Lady Gaga has a soft spot; and it's filled with meat. On Andy Cohen's talk show Watch What Happens Live on Wednesday night, the Lady got nostalgic for the raw beef dress she wore at the 2010 MTV Video Music Awards.
Out of all the outrageous looks that Lady Gaga has sashayed in front of cameras with—from an egg carried by latex-clad models, to a hologram flying saucer, to a bird cage head piece and beyond—the meat dress still reigns as the filet mignon Gaga's fashion legacy. The first reason she loved it? Because she was able to say, "Cher, will you please hold my meat purse?"
But in all seriousness, Gaga said the second reason was that, "It represented something very special to me, which was at the time "Don’t ask don’t tell" was not repealed and gays were not able to openly serve in the military. I wore the meat that night as a statement about equality, that we're all equal because we're all flesh. It's kind of morbid, but when we're dead it doesn't matter what our sexuality is."
"And also I didn't want to talk to any celebrities and it smelled really bad," the singer quipped.
"It started as just a purse for the red carpet," meat dress creator Franc Fernandez told us. "I remember Casey Spooner [of Fischerspooner] was with me when I got the call, and he said, 'You should just do a dress.' Then later at dinner [Gaga head stylist] Nicola [Formichetti] called, and he said we should just go for it and make a dress too. It was just this natural conclusion to do a whole outfit"
Given a heads up only about a week before the VMAs, Fernandez could only do so much to prepare the dress that would become Lady Gaga's most iconic look. Starting with 60 pounds of beef and ending with about two-thirds of that, the designer could only have the general shapes cut and salted the meat to keep it as fresh as possible, but the singer never tried it on until the day of.
Fernandez continued, "When we presented it to her, she was kind of like, 'Oh, I never thought it would actually happen.' And obviously she couldn't try it on the day before because there would be no way to get it off and didn't want her to get greasy. So she just said to do it the day of the event."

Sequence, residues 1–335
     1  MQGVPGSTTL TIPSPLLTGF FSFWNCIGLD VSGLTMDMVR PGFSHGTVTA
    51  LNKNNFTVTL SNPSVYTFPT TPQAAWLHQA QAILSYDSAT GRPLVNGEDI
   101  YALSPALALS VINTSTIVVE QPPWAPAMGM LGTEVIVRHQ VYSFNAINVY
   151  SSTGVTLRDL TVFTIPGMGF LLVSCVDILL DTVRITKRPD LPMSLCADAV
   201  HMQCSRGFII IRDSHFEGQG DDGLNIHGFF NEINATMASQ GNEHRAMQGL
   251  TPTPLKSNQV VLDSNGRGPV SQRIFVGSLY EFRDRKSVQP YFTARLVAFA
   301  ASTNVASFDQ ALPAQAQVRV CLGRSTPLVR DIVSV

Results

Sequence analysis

Option B if the meat dress didn't work out? The designer revealed Gaga would have likely worn an Alexander McQueen ensemble instead.
But the close call wasn't cause for the designer to fret. "It was actually the least nerve-wracking because there was really no option about how the material would behave. With fabric there are a million different things you could do, but with meat, that alone was the design. It was this both rude and beautiful expression of life."
The meat dress currently resides in a preserved state in the Rock and Roll Hall of Fame and has even warranted it's own detailed Wikipedia entry.
Looking back on the experience, Fernandez's life changed overnight since Gaga debuted her most controversial fashion choice. His social following exploded, suddenly found himself on every media outlet from TMZ to National Geographic, received the expected backlash from PETA and even death threats.
A particular highlight from the meat dress legacy was that Fernandez had beef jerky companies at his beck and call. "I went on something like three personal tours of different jerky factories, they flew me out and everything. I think they wanted to be the ones to jerky the dress then eventually come back and offer some kind of lean protein, fashion product with our faces on the package [laughs]."
As much controversy, criticism and hate Lady Gaga got for her meat dress, there is no denying that the look will remain imprinted in music history forever. However elaborate, strange, expensive, or forward-thinking Gaga's looks will get, it will be hard to ever top something that is fundamentally so simple, but existentially so visionary.
"It's funny, the day after the show I went to go pick the dress up at her hotel," Fernandez recalled. "There were all her fans waiting outside in Gaga drag and here I was walking out with this piece of history in a trash bag. If they only knew!"
You can check out more of Franc Fernandez's work at francfernandez.com.